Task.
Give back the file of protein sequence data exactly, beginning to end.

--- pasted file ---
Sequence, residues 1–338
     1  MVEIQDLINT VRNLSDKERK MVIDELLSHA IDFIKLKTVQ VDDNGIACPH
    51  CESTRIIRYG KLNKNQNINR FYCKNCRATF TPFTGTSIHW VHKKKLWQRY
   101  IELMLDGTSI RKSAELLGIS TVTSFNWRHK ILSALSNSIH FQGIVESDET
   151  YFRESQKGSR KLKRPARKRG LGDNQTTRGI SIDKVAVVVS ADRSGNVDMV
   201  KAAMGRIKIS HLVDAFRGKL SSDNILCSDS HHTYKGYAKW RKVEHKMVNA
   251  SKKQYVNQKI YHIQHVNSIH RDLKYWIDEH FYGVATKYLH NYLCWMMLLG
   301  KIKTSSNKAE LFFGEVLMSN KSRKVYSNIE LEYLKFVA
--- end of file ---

Sequence, residues 1–338
     1  MVEIQDLINT VRNLSDKERK MVIDELLSHA IDFIKLKTVQ VDDNGIACPH
    51  CESTRIIRYG KLNKNQNINR FYCKNCRATF TPFTGTSIHW VHKKKLWQRY
   101  IELMLDGTSI RKSAELLGIS TVTSFNWRHK ILSALSNSIH FQGIVESDET
   151  YFRESQKGSR KLKRPARKRG LGDNQTTRGI SIDKVAVVVS ADRSGNVDMV
   201  KAAMGRIKIS HLVDAFRGKL SSDNILCSDS HHTYKGYAKW RKVEHKMVNA
   251  SKKQYVNQKI YHIQHVNSIH RDLKYWIDEH FYGVATKYLH NYLCWMMLLG
   301  KIKTSSNKAE LFFGEVLMSN KSRKVYSNIE LEYLKFVA